Grandpa Bugs: 230-Million-Year-Old Arthropods Found in Amber

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A. Schmidt / University of Göttingen

These photomicrographs are of the two new species of ancient gall mites in 230-million-year-old amber droplets from northeastern Italy, taken at 1000x magnification.

Flies and mites are usually pests – except, perhaps, when they’re really old. For the international team of scientists that has found one fly and two mites that lived 230 million years ago trapped in amber droplets, the Triassic critters are an important discovery that will pave the way to a better understanding of insect evolution.

“There was a huge change in the flora and fauna in the Triassic because it was right after one of the most profound mass extinctions in history, at the end of the Permian,” American Museum of Natural History entomologist David Grimaldi said in a press release, referring to the mass-extinction event 252 million years ago that led to the death of 96 percent of marine life and 57 percent of insect families. “It’s an important time to study if you want to know how life evolved.”

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To find the bugs, the team excavated miniscule amber droplets from the Dolomite Alps in northeastern Italy. They then examined about 70,000 of the droplets for animals or plants that might be trapped within them, leading them to the remnants of the fly and mites. It was an arduous process, given that each droplet is only between 2 and 6 millimeters long. But it’s one with a big payoff: the three arthropods are 100 million years older than any previously discovered amber-preserved arthropods, though they’re not the oldest bugs ever found. Those fossils date back to the early Cambrian period, about 500 million years ago. The findings are published in the Proceedings of the National Academy of Sciences.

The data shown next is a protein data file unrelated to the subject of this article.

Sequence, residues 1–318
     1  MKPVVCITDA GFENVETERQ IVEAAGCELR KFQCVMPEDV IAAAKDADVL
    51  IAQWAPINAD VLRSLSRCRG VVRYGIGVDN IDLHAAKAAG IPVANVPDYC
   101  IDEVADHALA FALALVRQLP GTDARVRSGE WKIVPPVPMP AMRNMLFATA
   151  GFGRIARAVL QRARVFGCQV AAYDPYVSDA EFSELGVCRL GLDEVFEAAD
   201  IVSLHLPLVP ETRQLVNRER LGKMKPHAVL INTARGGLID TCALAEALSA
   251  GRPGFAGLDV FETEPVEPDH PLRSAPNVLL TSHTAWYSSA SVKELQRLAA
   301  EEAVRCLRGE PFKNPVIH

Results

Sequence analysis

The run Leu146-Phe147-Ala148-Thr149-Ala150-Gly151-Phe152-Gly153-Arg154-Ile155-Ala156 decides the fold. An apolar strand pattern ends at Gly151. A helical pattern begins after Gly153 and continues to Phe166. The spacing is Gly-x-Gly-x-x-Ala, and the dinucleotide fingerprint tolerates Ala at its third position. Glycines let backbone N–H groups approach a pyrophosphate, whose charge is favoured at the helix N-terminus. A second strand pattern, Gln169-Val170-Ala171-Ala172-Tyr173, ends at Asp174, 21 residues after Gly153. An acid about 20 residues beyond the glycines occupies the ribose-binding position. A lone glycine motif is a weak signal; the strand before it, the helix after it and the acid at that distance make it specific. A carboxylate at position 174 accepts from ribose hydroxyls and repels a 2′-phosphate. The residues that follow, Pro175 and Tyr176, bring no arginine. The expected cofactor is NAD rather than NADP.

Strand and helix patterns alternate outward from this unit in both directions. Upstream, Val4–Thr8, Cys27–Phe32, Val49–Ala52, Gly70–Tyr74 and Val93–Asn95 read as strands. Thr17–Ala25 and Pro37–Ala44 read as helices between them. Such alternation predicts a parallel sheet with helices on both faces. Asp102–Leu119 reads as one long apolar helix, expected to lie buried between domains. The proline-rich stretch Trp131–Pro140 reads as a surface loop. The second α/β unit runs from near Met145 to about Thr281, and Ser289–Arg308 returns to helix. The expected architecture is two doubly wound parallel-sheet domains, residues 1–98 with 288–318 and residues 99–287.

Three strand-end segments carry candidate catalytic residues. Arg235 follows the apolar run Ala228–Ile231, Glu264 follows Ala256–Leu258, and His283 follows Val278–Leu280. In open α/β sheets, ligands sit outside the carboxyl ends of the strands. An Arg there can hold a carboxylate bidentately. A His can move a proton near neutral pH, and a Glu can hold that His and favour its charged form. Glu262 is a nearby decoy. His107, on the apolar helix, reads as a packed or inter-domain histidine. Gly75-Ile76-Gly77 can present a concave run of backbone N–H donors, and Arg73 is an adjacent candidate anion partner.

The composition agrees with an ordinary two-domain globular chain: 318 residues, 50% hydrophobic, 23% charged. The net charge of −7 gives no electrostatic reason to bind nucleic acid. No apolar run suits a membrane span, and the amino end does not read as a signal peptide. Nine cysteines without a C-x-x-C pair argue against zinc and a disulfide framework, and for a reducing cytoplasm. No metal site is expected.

Despite their age, the ancient mites aren’t too different from the mites we have today. “You would think that by going back to the Triassic you’d find a transitional form of gall mite, but no,” Grimaldi said in a press release. “Even 230 million years ago, all of the distinguishing features of this family were there — a long, segmented body; only two pairs of legs instead of the usual four found in mites; unique feather claws.”

Though they’ve endured well, the critters were also very adaptable. While almost all of today’s mites eat flowering plants, the ancient mites probably fed on a conifer from an extinct family – which means they simply shifted their dining habits when flowering plants came along.

Unfortunately, the scientists couldn’t identify the fly specimen because only its antennae remained intact. But NBC News reports that the team is hoping to find more droplets in Europe and North America. It’s surely no small task, given that a search of 70,000 droplets yielded just three specimens this time.

Tara Thean is a contributor at TIME. Find her on Twitter at @tarathean. You can also continue the discussion on TIME’s Facebook page and on Twitter at @TIME.

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